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More bad news for customers of the Affordable Care Act's healthcare marketplaces: According to a new analysis from the nonpartisan Kaiser Family Foundation, almost a third of counties will have just one insurer participating in the exchanges by 2017, significantly more than the 7% of counties who had one option this year. That equates to 19% of all enrollees facing just one insurance option.

The New York Times reports this decrease in exchange competition can be attributed to UnitedHealth's planned exit from many marketplaces. Aetna is also planning to scale back its offerings in the government-run exchanges, saying high costs and low enrollment were hurting its bottom line.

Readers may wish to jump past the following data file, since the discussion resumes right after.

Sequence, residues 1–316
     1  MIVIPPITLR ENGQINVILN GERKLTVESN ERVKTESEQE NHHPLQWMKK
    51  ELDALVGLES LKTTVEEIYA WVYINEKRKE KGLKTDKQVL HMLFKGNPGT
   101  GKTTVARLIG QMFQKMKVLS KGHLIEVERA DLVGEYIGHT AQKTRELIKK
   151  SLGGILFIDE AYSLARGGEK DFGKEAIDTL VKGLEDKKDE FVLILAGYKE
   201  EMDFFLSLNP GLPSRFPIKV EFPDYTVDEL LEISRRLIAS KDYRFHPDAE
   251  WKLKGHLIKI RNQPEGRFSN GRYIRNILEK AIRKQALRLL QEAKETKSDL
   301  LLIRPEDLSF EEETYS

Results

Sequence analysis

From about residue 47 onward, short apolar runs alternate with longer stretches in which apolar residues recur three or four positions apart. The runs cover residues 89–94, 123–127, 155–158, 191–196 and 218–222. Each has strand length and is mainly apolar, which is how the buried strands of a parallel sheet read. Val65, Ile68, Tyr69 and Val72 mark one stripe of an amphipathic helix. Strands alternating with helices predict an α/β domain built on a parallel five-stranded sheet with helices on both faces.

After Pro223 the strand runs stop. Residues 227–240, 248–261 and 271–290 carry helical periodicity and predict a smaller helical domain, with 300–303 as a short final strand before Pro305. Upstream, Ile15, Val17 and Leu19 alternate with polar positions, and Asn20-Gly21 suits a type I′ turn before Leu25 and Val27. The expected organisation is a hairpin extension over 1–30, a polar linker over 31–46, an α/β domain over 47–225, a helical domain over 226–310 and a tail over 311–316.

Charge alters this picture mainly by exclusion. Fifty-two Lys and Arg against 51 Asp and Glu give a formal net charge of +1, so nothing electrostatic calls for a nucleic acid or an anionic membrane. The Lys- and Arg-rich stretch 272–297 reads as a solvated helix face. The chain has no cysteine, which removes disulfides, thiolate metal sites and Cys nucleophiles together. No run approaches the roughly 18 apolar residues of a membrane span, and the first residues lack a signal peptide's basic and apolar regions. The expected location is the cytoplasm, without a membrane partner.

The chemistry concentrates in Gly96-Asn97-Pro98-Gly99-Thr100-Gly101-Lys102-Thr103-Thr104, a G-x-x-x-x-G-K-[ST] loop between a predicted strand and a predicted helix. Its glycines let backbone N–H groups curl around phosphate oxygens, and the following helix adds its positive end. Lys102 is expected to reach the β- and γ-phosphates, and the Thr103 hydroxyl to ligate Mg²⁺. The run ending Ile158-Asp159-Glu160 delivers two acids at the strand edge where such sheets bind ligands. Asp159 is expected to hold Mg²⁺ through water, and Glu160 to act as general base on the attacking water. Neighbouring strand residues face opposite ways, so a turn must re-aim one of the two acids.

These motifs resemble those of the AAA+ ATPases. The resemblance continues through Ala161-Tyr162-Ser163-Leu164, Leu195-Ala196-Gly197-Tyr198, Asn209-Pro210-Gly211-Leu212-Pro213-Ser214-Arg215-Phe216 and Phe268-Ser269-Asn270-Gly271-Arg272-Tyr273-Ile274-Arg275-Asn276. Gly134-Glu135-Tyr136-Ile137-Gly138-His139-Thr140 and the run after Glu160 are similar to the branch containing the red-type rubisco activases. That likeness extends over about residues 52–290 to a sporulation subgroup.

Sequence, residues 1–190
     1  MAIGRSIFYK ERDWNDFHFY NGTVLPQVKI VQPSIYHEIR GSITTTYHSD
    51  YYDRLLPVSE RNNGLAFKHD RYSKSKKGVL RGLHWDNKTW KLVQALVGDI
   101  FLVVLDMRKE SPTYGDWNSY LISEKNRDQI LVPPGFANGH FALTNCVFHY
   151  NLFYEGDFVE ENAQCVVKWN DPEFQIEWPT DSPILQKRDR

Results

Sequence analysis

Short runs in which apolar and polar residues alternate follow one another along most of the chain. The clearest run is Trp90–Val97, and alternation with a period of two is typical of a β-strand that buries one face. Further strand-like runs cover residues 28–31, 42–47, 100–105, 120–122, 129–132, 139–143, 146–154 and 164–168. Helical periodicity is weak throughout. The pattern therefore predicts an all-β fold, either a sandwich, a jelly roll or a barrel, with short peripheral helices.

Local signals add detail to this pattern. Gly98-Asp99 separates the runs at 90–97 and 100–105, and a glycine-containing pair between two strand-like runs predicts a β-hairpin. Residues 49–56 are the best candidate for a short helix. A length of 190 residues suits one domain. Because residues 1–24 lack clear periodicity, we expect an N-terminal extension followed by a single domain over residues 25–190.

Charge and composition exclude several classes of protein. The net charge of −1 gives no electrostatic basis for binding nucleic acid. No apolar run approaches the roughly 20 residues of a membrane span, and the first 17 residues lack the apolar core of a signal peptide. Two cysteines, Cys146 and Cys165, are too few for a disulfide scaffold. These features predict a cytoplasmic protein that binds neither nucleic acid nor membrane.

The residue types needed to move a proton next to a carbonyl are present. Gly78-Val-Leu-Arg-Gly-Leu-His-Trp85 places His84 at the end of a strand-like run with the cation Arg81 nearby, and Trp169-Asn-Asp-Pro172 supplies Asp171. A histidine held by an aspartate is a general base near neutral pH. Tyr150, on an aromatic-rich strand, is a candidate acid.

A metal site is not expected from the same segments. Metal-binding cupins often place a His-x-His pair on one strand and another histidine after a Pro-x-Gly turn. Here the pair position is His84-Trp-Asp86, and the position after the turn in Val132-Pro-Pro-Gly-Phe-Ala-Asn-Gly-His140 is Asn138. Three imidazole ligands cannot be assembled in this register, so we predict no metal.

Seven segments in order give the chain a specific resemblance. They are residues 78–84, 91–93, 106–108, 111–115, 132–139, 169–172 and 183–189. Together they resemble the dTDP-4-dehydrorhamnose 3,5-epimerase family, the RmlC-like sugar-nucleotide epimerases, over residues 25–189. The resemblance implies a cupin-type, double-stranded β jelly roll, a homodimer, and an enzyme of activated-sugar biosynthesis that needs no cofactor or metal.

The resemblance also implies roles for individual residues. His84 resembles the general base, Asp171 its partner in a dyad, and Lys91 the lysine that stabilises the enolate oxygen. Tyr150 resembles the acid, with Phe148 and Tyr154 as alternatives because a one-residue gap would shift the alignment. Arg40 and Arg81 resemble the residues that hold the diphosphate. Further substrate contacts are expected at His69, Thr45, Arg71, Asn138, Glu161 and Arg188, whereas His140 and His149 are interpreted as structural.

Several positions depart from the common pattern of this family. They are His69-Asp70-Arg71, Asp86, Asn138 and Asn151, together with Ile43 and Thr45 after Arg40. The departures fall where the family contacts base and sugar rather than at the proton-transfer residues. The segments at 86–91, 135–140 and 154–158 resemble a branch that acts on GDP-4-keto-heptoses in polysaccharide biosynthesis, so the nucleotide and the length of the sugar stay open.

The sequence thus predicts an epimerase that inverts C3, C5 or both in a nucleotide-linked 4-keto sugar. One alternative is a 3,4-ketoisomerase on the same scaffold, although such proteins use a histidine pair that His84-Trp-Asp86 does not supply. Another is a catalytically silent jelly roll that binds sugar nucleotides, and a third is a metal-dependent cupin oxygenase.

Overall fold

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Leemore Dafny, a professor at Harvard Business School, told the Wall Street Journal that having so few options is “likely to lead to a very pricey exchange.”

The analysis also says there could be just two insurance options in an additional 31% of counties, meaning about 60% of counties in the U.S. could have 2 or fewer ACA insurers in 2017. In 2016, Wyoming was the only state where 100% of counties had just one marketplace option; in 2017, Alabama, Alaska, Oklahoma, and South Carolina are likely to join it.

Read Next: Where Turmoil in the Obamacare Marketplaces Will Hurt the Most

Kaiser makes the point that the analysis is not definitive; insurers must lock in their plans between now and September, so the figures may change.

Some bright spots: 62% of enrollees will still have three or more options in 2017, per the analysis (although that's down from 85% this year). And Cigna has said it is looking to move into additional marketplaces or expand its offerings, according to Kaiser.